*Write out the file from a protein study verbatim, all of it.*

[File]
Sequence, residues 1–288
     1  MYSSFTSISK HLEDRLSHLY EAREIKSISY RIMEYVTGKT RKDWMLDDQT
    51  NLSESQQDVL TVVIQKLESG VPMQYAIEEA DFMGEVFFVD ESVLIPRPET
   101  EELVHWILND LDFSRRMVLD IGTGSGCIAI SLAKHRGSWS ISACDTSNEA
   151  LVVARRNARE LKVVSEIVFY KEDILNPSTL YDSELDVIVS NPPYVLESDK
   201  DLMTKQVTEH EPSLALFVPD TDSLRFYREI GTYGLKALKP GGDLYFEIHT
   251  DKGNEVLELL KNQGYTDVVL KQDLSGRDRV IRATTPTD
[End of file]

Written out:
Sequence, residues 1–288
     1  MYSSFTSISK HLEDRLSHLY EAREIKSISY RIMEYVTGKT RKDWMLDDQT
    51  NLSESQQDVL TVVIQKLESG VPMQYAIEEA DFMGEVFFVD ESVLIPRPET
   101  EELVHWILND LDFSRRMVLD IGTGSGCIAI SLAKHRGSWS ISACDTSNEA
   151  LVVARRNARE LKVVSEIVFY KEDILNPSTL YDSELDVIVS NPPYVLESDK
   201  DLMTKQVTEH EPSLALFVPD TDSLRFYREI GTYGLKALKP GGDLYFEIHT
   251  DKGNEVLELL KNQGYTDVVL KQDLSGRDRV IRATTPTD